Fable and the World Flat
Plus: Welcome home, Carlton Thompson
"We aren’t a dance band, but we all like to dance,” drummer Michael Stewart says of his band, Fable and the World Flat.“We
like music that makes you feel good. “We don’t just want audiences
standing around with their arms crossed,” Stewart continues. “It’s a
lot more fun when people are moving. We want to bring audiences that
same feeling they’d get every time they hear the Jackson 5’s ‘I Want
That’s an ambitious mission statement considering that Stewart’s band grounds its sound not in sunny indie-pop or uptempo electro-clash, but rather in the somber, jazzy indie-rock of turn-of-thecentury groups like Karate and Aloha, bands more likely to crush spirits than lift them. Fable and the World Flat sought to update this lofty sound, preserving its pensiveness while including a more soulful, beatier groove and traces of trip-hop. “Dancing isn’t just exclusive to supercatchy, poppy music,” Stewart explains.
“You can have darker stuff and still dance to it, so long as that beat is there.” Since they began gigging a little more than a year ago, when they formed from the ashes of the short-lived indie-rock group The Meteah Strike, Fable and the World Flat have worked their way from the bottom of local bills to the top of them.
This Saturday, Feb. 23, they headline a 9 p.m. show at Mad Planet, backed by John the Savage and Sleep Tight Co., the group formerly known as Spransy & Kolb. If all goes according to schedule, Fable and the World Flat should finish mixing their debut album this March for a May release. “We record our songs a lot different from how we play them live,” explains guitarist Matt Gorski. “Live, there’s a lot more of us jamming and vibing off of each other, but we put more electronics in our recordings, and we emphasize the drums.
“The album will definitely have an underlying groove throughout the whole thing,” Gorski adds. “We’re aiming for something that you can tap your foot to.”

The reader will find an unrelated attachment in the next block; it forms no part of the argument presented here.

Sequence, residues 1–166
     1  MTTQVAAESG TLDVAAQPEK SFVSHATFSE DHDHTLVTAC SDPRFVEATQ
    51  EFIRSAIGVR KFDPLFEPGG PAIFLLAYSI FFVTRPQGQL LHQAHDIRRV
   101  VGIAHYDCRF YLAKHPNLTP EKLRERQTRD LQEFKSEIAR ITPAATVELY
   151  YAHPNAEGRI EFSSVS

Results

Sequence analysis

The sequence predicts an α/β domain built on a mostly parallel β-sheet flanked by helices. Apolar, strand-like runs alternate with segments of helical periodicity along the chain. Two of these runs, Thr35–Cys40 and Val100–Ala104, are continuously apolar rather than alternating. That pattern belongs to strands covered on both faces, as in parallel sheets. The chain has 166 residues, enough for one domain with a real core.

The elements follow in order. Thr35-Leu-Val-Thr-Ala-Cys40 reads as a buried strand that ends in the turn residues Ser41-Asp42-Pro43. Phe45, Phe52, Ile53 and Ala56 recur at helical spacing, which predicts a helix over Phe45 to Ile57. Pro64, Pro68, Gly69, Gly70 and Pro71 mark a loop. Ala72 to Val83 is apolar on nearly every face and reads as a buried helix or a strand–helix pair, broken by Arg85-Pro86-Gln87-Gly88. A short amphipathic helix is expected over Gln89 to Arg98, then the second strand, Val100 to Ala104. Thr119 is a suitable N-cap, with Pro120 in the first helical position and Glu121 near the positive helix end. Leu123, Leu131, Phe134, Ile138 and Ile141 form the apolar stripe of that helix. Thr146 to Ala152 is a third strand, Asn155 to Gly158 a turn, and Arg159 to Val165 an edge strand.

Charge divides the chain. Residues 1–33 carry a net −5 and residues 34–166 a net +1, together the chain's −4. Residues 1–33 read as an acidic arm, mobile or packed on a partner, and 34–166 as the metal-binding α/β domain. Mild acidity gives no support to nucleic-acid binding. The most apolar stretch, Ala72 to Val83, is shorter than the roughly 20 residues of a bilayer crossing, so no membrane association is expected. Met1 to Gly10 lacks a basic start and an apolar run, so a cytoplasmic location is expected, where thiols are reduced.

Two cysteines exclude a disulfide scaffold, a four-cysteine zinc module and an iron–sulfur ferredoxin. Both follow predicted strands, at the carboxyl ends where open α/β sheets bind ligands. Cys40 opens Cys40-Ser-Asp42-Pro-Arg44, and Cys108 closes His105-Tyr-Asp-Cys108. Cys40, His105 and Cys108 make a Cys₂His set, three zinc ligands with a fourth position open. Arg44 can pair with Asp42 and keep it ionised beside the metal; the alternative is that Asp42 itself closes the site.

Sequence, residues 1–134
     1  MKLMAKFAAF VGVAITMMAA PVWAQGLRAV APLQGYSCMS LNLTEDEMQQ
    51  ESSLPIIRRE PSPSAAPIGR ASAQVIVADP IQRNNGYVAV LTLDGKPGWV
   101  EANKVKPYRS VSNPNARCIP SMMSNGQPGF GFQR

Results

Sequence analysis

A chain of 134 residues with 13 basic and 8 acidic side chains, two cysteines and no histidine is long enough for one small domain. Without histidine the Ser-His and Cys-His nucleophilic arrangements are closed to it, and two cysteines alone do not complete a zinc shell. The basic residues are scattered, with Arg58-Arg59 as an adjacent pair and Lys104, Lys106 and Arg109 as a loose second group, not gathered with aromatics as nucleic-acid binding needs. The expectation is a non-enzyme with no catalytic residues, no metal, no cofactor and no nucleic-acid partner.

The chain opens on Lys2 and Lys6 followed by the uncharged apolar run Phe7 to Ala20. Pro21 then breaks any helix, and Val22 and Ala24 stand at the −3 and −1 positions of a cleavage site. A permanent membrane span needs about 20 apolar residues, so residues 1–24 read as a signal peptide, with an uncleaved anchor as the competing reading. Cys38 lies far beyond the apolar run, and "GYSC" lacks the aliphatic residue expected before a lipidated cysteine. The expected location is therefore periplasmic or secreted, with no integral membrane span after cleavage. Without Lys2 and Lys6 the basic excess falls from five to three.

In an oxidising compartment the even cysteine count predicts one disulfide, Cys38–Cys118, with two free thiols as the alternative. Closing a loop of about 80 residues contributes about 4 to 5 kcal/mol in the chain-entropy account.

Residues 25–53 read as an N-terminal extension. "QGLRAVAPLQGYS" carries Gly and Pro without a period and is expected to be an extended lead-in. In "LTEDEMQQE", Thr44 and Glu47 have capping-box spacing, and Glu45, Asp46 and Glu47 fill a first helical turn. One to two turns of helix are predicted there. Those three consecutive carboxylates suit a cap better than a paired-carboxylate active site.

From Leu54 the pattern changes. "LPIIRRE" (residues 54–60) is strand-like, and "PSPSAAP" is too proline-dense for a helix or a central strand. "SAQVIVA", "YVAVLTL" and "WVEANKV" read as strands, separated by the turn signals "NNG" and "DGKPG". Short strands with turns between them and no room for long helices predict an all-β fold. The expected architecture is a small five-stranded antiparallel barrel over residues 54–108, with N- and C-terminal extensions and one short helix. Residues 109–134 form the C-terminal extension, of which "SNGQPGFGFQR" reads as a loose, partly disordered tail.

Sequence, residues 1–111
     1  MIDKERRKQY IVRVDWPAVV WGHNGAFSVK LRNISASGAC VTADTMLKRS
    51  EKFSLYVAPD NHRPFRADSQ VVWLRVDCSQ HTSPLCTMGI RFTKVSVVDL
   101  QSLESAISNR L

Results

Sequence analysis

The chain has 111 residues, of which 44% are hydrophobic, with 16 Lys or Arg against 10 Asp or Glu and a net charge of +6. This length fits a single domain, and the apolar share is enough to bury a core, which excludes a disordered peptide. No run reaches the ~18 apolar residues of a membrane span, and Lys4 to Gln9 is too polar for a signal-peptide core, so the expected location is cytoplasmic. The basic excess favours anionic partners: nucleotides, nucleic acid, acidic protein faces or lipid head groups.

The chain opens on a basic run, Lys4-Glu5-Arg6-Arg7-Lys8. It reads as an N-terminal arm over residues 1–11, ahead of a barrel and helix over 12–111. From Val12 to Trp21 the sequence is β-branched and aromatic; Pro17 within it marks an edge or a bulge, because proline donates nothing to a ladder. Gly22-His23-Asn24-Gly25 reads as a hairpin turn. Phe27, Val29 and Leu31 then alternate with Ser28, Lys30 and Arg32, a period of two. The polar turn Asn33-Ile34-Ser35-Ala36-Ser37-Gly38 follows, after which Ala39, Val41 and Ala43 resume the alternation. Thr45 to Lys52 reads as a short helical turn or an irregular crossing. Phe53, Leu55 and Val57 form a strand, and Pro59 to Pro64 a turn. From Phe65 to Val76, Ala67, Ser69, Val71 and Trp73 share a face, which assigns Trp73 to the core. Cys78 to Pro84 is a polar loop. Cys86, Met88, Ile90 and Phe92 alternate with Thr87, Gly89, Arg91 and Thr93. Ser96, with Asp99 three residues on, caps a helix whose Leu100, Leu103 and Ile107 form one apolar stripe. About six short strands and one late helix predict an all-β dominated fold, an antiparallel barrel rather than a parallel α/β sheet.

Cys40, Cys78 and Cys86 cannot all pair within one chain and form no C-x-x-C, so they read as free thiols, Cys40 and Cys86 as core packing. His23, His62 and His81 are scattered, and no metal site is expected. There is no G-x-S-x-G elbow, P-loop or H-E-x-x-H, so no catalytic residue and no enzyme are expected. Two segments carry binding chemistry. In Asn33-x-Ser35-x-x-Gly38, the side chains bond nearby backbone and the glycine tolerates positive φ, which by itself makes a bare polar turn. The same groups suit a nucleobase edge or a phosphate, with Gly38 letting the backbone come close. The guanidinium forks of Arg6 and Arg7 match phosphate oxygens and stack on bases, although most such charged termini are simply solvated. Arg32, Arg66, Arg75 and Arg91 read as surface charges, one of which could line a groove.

Milwaukee Roots:Milwaukee R&B singer Carlton Thompson Jr. is clocking time on regional radio with his latest song, “Roots,” an 11th-hour inclusion on the soundtrack to Welcome Home Roscoe Jenkins. Given
short notice and little more than the gist of the film’s plot—man goes
from rags to riches; forgets where he came from—Thompson wrote the song
in a day, finalizing the recording in about
half a week. “I call it my Bobby McFerrin number,” Thompson says, since
he recorded the track a cappella, harmonizing with himself, beat-boxing
the bass line and clapping and pounding his chest for percussion.
Thompson says the silky smooth soul song, which has been played on Michigan and Illinois radio, isn’t entirely representative of his repertoire, which has edgier, hip-hop influences, but he hopes it will act as a springboard for his solo career. Although he used to gig at the old Velvet Room and continues to sing with the group Urban Sol, recently he’s worked mostly behind the scenes as a songwriter and producer.
“Kedar Massenburg, the former president of Motown Records who was in charge of the Roscoe Jenkins soundtrack, put me on the album despite me being unsigned and unknown,” Thompson says. “Now I’m working on releasing an album this summer, and I’m looking to do some shows around Milwaukee to reintroduce myself to the city.”